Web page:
Aug 29

Two Steps Forward, Three Steps Back: PYGMALION

Photo credit: Flat Earth Theatre

Presented by Flat Earth Theatre
By George Bernard Shaw
Edited/directed by Devon Jones

August 22-30, 2014
Arsenal Center for the Arts
Watertown, MA
Flat Earth on Facebook

Review by Kitty Drexel

Trigger warnings: Sexism, Racism, Classism

(Watertown, MA) My Fair Lady is derived from Shaw’s Pygmalion. Pygmalion is derived from the Greek myth by the same name from Ovid’s Metamorphosis. It is the story of a sculptor, Pygmalion, who fell so hard in love with his sculpture that the goddess Aphrodite brought it to life. The sculpture isn’t given a name or granted personhood in the myth. Similarly, affluent Henry Higgins refuses to see impoverished Eliza Doolittle as more than a parroting animal until she provokes him into heated arguments. In addition to sexism and classism, the play’s dialogue also discusses racism. Flat Earth’s production includes actors of color. It takes a long, hard look at what it means to experience color, gender and educational privilege against the backdrop of London’s great equalizer: Tube delays. Continue reading

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Nov 12

Aerial Stunts and Re-Kindling Mythic Passion: Ted Hughes’ Tales from Ovid

With Jennifer OConnor, Aimee Rose Ranger and Danny Bryck at Paramount Center.

based on Tales from Ovid, by Ted Hughes published by Faber & Faber, Ltd.
Composer: David McMullin
Composer/Musician/Ensemble: Shaw Pong Liu

presented by Whistler in the Dark Theatre
directed by Meg Taintor
in association with ArtsEmerson: The World Onstage

November 8-18th
Jackie Liebergott Black Box at the Paramount Center
559 Washington Street
Boston, Massachusetts 02111
Whistler in the Dark Facebook Page

Review by Gillian Daniels

Ancient Greek myths, when adapted to the stage, need not be built-up to be timely. The dissonance between myth and the modern era can be distracting in contemporary adaptations. If anything, here, the stories chosen from Ovid’s Metamorphoses are stripped down. The production has few props and no costumes, giving the ensemble room to breathe. Whistler in the Dark is the perfect sort of theater to spur to life the passions beneath the age-old Greek myths, which will surely please both casual and Classicist audiences. Continue reading

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Jul 02

“Polaroid Stories” Messily Blends Myth and Teen Anguish

Kiki Samko, Luke Murtha, Michael Underhill, Elizabeth Battey, and Michael Caminiti, photo credit: Heart & Dagger Productions

Polaroid Stories by Naomi Iizuka, Heart & Dagger Productions, Boston Actors’ Theatre, and Happy Medium Theatre**,  Black Box Theatre at Boston Center for the Arts, 6/29/12-7/14/12, http://www.heartanddagger.org/.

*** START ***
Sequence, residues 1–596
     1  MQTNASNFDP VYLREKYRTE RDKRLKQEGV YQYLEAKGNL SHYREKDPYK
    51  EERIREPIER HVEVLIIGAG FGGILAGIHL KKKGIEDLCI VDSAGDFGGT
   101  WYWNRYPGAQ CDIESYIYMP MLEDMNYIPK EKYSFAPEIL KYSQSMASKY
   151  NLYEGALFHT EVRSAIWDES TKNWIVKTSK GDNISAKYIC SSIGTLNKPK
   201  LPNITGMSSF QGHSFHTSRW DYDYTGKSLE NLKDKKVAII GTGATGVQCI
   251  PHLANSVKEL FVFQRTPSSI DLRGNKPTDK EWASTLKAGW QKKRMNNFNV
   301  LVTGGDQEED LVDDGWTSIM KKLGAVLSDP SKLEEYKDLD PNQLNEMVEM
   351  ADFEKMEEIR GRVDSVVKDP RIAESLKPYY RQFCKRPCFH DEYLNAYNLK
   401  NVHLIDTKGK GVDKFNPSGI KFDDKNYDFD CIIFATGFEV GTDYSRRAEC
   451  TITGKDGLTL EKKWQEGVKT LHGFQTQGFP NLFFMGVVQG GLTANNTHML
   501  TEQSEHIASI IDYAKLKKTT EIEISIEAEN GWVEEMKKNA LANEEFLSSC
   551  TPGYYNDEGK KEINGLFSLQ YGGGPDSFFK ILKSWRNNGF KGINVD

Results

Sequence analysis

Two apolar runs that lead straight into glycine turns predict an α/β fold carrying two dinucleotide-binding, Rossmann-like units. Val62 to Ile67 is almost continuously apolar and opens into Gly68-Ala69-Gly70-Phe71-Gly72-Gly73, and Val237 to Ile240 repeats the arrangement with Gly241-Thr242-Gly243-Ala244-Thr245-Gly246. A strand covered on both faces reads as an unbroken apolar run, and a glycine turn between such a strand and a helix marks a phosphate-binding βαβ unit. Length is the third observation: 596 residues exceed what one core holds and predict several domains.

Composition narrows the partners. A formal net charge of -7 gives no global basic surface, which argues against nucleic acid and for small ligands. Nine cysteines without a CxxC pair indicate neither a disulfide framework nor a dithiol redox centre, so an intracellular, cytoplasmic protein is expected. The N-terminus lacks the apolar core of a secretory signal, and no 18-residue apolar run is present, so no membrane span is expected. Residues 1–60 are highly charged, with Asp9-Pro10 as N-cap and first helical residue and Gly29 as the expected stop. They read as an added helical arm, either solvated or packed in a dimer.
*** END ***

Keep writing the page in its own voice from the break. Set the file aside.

**THIS REVIEW WAS SCHEDULED PRIOR TO THE CHANGES IN OUR REVIEWING POLICY AND WITHOUT KNOWLEDGE THAT HAPPY MEDIUM THEATRE COMPANY WAS DIRECTLY INVOLVED

Reviewed by Gillian Daniels

(Boston, MA) With mixed success, Polaroid Stories attempts an abstract production that marries mythology and youth drug culture.  It’s a uneasy union.  The actors, at least, mine the material to the best of their abilities. Continue reading

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Apr 25

Eurydice: Tears From A Clown

Adam Lauver as Lord of the Underworld, Annie Winneg as Eurydice, and the chorus of stones. Photo by Rob Lorino.

Eurydice by Sarah Ruhl, The Independent Drama Society, BCA Black Box, 4/22/11-4/30/11.  http://sites.google.com/site/independentdrama/

Reviewed by Becca Kidwell

The circus is in town and it is a beautiful tragedy.  The Independent Drama Society’s production of Sarah Ruhl’s Eurydice evokes an abstract piece of shattered but connected moments.  Remaining faithful to the myth, Lindsay Eagle allows the audience to experience every breath of innocence, knowledge, and loss that the play has to offer.

The Greek chorus of stones consists of a highly skilled clowning troupe.  Upon entrance to the theatre, the audience is greeted by the members of the chorus as they play and perform.  Each member has a distinct personality that interacts in different ways between the audience and the main characters of the play.

Annie Winneg as Eurydice and Greg Nussen as Orpheus play the doomed young lovers who believe that love is all they need.  Although they do truly care for each other, they have difficulty communicating with each other or having any level of depth to their relationship, which leads to Eurydice’s struggle between her love for her husband and her love for her father.   Continue reading

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